One technique to measure bandwidth is to copy a large file across the network and then calculate the bandwidth from the file size and transfer time. But this technique is likely to significantly underestimate the actual throughput because of disk I/O overhead on both ends, protocol overheads, and network congestion resulting in packet loss and retransmission, none of which would be seen at the application level as in a file copy. Disk I/O overheads can be mitigated by using FTP reading and writing to none file system devices, such as /dev/zero and /dev/null.
A better way is to measure bandwidth is to use a tool like Test TCP (TTCP), which measures the transmission of data between two systems, with one configured as a receiver and one as a transmitter. Data copy is performed memory-to-memory between the systems, and therefore avoids the impact of disk I/O. TTCP was written by Terry Slattery and Mike Muuss in the early days of TCP/IP, and the original source code is now freely available in the public domain. To use TTCP, start it on the target with the -r and -s options:
Running TTCP on the target
ttcp -r -s -f m
-f m option means that throughput measurements will be displayed in Mbs. Next run TTCP on the transmitting host with the -t and -s options:
Running TTCP on the sender
ttcp -t -s -n 50000 fred.bloggs.com
Here the command is used with
-n 50000, to indicate that 50000 packets are going to be sent to the receiver. When the data is received, the receiver displays a summary like this:
TTCP receiver output
ttcp -r -s -f m ttcp-r: buflen=8192, nbuf=2048, align=16384/0, port=5001 tcp ttcp-r: socket ttcp-r: accept from ww.xx.yy.zz ttcp-r: 409600000 bytes in 0.50 real seconds = 6252.60 Mbit/sec +++ ttcp-r: 50001 I/O calls, msec/call = 0.01, calls/sec = 100043.62 ttcp-r: 0.0user 0.3sys 0:00real 77%
So in this test, which was executed over a 10 Gbs link, you can see that 409 MB of data (50000 * 8192 byte packets) was transferred between the two systems over 0.50 seconds, and that the effective bandwidth was 6252 Mbs. If you your effective bandwidth is low or significantly less than the total network bandwidth, consult your network administrator.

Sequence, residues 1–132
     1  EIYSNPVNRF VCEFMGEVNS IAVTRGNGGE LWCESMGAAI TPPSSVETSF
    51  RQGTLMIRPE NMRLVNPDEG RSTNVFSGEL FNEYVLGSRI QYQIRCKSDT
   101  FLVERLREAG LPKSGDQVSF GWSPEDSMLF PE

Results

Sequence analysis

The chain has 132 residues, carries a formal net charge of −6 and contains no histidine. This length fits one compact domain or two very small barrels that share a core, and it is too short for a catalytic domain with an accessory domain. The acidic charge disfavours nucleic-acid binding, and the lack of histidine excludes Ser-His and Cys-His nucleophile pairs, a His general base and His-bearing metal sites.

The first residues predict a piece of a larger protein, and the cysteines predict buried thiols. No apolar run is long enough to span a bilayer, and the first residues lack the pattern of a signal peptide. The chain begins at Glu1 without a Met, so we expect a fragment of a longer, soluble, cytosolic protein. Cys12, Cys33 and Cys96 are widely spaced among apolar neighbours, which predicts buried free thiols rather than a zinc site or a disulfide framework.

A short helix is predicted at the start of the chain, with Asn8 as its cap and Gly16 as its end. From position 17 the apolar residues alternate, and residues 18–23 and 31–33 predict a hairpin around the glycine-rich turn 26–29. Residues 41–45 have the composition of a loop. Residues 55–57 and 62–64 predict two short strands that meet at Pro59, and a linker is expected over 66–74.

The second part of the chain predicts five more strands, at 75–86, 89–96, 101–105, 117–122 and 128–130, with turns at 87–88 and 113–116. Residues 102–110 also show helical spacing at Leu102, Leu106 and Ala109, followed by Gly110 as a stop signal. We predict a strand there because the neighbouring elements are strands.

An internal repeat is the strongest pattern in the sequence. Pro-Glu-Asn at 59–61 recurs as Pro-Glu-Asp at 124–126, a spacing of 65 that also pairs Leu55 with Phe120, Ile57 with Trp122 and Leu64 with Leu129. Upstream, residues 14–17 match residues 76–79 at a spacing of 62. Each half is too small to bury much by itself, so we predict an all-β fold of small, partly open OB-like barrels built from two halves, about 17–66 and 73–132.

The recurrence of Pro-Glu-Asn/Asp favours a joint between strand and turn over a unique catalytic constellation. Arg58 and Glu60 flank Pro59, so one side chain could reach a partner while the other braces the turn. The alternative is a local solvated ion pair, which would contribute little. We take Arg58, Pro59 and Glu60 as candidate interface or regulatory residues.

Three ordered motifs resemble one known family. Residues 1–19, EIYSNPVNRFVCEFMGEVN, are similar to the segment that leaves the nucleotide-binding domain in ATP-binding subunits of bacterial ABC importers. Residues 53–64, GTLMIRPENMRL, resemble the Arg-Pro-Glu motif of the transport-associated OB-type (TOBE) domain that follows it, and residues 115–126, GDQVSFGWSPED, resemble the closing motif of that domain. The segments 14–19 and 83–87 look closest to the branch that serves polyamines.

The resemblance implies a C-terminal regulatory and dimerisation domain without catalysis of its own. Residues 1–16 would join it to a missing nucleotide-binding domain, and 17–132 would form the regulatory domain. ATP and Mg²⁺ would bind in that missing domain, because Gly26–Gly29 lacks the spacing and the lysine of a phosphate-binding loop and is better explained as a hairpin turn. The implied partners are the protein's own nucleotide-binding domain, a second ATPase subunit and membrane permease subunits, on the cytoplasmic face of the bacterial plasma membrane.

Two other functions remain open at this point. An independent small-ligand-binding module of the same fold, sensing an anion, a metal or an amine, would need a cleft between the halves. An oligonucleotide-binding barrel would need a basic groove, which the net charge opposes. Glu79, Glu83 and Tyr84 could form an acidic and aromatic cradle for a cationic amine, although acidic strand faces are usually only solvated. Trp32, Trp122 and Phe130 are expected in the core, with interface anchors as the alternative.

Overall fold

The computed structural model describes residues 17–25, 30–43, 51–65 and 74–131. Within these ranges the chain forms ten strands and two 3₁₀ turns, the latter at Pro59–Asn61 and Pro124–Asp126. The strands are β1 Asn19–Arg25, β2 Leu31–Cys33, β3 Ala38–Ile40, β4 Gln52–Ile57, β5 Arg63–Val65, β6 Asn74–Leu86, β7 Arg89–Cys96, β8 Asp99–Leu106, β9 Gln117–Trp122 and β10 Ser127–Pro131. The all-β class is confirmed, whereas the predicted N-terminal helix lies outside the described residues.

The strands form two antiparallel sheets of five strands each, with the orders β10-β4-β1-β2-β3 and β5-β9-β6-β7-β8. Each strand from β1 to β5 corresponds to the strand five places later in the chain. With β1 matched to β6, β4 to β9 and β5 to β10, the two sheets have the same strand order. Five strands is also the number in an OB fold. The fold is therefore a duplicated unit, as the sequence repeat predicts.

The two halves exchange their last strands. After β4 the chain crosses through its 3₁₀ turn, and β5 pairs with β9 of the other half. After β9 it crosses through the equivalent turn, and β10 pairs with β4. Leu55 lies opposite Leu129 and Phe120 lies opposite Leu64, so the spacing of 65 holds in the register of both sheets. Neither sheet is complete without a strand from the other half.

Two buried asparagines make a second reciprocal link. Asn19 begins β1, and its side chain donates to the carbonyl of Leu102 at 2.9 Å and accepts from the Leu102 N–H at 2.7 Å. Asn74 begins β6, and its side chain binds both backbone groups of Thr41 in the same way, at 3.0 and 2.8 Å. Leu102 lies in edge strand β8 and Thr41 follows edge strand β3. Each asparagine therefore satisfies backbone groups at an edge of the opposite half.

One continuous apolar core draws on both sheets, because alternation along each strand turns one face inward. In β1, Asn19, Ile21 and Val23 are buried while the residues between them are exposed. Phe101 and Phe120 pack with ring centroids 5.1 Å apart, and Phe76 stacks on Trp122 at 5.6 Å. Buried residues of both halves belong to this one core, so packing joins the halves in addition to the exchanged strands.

Measuring network latency
Most WSRR instances and their associated database servers are closely networked together with a resultant low latency, usually under 1 ms. It is recommended that the systems be near each other, but proximity is not always possible, and some WSRR servers are in a different location than their database servers. In this situation, network latency is even more important. You can measure network latency between two systems using the ping command, which measures the time taken to send a small packet of data across the network and receive a reply. Ping uses the ICMP protocol and doesn't incur the overhead of the TCP protocol. An example:
Using ping to measure network latency
ping news.bbc.co.uk Pinging newswww.bbc.net.uk [220.127.116.11] with 32 bytes of data: Reply from 18.104.22.168: bytes=32 time=36ms TTL=56 Reply from 22.214.171.124: bytes=32 time=19ms TTL=56 Reply from 126.96.36.199: bytes=32 time=20ms TTL=56 Reply from 188.8.131.52: bytes=32 time=21ms TTL=56 Ping statistics for 184.108.40.206: Packets: Sent = 4, Received = 4, Lost = 0 (0% loss), Approximate round trip times in milliseconds: Minimum = 19ms, Maximum = 36ms, Average = 24ms
In this case you can see that the average round-trip time was 24 ms, indicating a network latency of 12 ms. This example was measured across a domestic broadband connection. Latencies between machines on the same subnet should be under 1 ms. On some systems, ping only resolves round-trip times to the nearest millisecond, preventing accurate measure of sub 1 ms round-trip times. In this situation, use a high resolution open-source ping utility. If you consistently see latencies over 1 ms on a local network, consult your network administrator.
The ping utility displays the packet loss on the ICMP packets sent across the network. You can see packet loss statistics at the end of the example above (Lost = 0). However, this measurement is based only on these packets being transferred from and to the ping utility and do not measure any other packets traversing the network. On some systems, ping also supports an option to write ICMP packets as fast as possible onto the network, and again will give you the loss statistics at the end -- a so-called flood ping. Use it with caution because it can impact general network performance. Run it only for a few seconds and only under test conditions,